Millennials choosing hotels based on social media, technology

A prospective hotel’s social media presence is important to millennials, with 73 percent saying they check the company’s social media feed before booking. Photo credit: ViewApart/iStock/Getty Images Plus/Getty Images

A strong online and social media presence is important if a hotel hopes to attract millennials, according to a new report. U.K. furniture maker Knightsbridge commissioned the survey to find out how that demographic finds and selects hotels. The survey reveals where hotels and businesses should focus in order to appeal to the young demographic. 

The study, conducted with global data collection agency Viga, polled 1,000 18- to 34-year-olds who had booked hotels in the past two years. It found that 80 percent of millennials found a hotel using Google, and more than half wouldn’t book a property if its website was difficult to use. Apparently impatient, 49 percent put off making a booking if they couldn’t do it instantly online.

A prospective hotel’s social media presence is of interest to millennials, with 73 percent saying they check the company’s social media feed before booking. In fact, 33 percent would be put off booking altogether if a hotel had no social media presence.

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The research also highlighted the power of social media as a communication tool, with 76 percent of respondents professing to have shared an image of a hotel (including bar, pool, restaurant, bedroom) that they have stayed in. Eighty-three percent said they would be more likely to book a hotel after seeing images from someone they follow on social media.

Adequate technology also is an important element, according to the survey, with 70 percent saying they would be more likely to book a hotel if it featured such tech amenities as keyless entry, mobile payments, smart TVs and smartphone charging points. More than a half would return to a hotel if it had powerful Wi-Fi. Powerful Wi-Fi and smart TVs with Netflix are the top features that would encourage millennials to book a hotel, according to the study. 

A well-thought-out design scheme also can be part of the solution for hoteliers wanting to build a loyal following among the millennial generation. While 82 percent of millennials stated a preference for experiencing a new hotel each year, a significant 42 percent will return for an impressive design. The research revealed that an overwhelming 87 percent of respondents cited the interior design as important when booking a hotel, with 81 percent identified a “cool bar” as a critical factor in their choice.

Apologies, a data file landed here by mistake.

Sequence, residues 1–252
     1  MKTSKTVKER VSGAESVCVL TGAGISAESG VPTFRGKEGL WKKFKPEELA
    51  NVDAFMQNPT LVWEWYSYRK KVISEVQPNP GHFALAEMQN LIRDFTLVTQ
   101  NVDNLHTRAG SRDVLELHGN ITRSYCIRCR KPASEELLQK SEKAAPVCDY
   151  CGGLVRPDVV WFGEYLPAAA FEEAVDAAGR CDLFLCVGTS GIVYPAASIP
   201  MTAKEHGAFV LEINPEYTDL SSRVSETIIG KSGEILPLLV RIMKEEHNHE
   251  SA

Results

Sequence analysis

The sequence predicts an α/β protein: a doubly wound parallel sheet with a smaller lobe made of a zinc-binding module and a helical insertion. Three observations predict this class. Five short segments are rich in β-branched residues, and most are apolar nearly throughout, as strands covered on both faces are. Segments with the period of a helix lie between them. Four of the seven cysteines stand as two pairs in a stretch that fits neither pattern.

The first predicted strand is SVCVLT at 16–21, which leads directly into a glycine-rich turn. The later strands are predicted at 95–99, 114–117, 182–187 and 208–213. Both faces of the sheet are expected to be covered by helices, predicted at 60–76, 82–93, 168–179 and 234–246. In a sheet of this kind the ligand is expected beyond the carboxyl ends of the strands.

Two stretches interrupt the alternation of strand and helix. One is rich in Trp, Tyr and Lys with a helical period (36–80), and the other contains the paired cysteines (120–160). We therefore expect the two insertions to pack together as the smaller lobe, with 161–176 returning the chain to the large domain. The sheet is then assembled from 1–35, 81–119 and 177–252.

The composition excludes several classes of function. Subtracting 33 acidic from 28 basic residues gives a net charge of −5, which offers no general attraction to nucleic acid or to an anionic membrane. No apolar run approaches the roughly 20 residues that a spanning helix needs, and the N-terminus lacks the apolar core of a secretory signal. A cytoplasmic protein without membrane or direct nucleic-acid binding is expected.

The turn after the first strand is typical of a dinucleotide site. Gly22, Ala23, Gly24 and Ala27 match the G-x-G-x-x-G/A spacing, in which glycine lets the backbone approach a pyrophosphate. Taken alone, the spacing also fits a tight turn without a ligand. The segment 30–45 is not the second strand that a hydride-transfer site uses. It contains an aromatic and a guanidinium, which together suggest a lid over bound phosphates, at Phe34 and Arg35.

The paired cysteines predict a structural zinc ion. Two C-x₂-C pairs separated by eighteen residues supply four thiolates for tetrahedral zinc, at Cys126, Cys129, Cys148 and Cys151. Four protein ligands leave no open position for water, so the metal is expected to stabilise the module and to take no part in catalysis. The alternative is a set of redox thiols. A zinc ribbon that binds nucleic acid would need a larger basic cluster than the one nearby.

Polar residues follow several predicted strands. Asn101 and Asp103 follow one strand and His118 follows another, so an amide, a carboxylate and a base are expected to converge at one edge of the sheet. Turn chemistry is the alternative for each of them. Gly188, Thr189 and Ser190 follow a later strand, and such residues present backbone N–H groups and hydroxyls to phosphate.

Knightsbridge CEO Alan Towns said the survey shows a shift in travelers' priorities as a generation used to sharing and documenting its experiences becomes the dominant demographic.

“Another key finding was that 76 percent of those surveyed admitted to sharing an image of themselves in a hotel on social media, which illustrates the importance of interior design and key furniture pieces, and truly enlightened hoteliers can create environments that fit into the perfect Instagram shot,” Towns said in a statement. 

This continues the millennial social media trend—research has shown that millennials participate in  “travel bragging” on social media to build kudos among friends, and even faux friends. 

Research from's global Mobile Travel Tracker discovered 30 percent of millennials admit they spend more than four hours a day on their mobiles while traveling, often more glued to the small screen than the beach scene. And hotels are taking notice—just search for "hotel selfie" on Twitter and enough show up to keep you busy indefinitely.

Sixty-six percent of 18- to 29-year-olds saying they would rather upload a selfie than a picture with their loved ones (62 percent) while vacationing, the study found. In addition, 60 percent of the group admitted to uploading pictures, checking in at cool locations (39 percent) and tracking the amount of interaction on their posts (32 percent) for bragging purposes while on vacation.

Sharing pictures of food is popular among 44 percent of millennials. Fourteen percent said they would rather travel with a smartphone than with a romantic partner. Travelers said they get more anxious when their phone runs out of battery (15 percent) than if they argue with their partner on a trip (8 percent). 

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